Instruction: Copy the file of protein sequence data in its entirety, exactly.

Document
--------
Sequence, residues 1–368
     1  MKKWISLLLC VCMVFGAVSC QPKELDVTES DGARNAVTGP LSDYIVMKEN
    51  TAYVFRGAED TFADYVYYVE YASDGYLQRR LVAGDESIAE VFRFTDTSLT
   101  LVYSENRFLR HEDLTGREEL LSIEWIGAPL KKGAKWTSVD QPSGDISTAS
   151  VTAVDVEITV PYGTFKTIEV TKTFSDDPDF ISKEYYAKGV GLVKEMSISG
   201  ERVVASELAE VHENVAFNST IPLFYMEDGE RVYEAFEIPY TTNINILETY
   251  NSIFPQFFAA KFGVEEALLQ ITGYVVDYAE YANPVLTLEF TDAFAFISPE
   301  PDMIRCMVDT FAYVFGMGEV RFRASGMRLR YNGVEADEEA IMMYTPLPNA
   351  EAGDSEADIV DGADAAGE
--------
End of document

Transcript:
Sequence, residues 1–368
     1  MKKWISLLLC VCMVFGAVSC QPKELDVTES DGARNAVTGP LSDYIVMKEN
    51  TAYVFRGAED TFADYVYYVE YASDGYLQRR LVAGDESIAE VFRFTDTSLT
   101  LVYSENRFLR HEDLTGREEL LSIEWIGAPL KKGAKWTSVD QPSGDISTAS
   151  VTAVDVEITV PYGTFKTIEV TKTFSDDPDF ISKEYYAKGV GLVKEMSISG
   201  ERVVASELAE VHENVAFNST IPLFYMEDGE RVYEAFEIPY TTNINILETY
   251  NSIFPQFFAA KFGVEEALLQ ITGYVVDYAE YANPVLTLEF TDAFAFISPE
   301  PDMIRCMVDT FAYVFGMGEV RFRASGMRLR YNGVEADEEA IMMYTPLPNA
   351  EAGDSEADIV DGADAAGE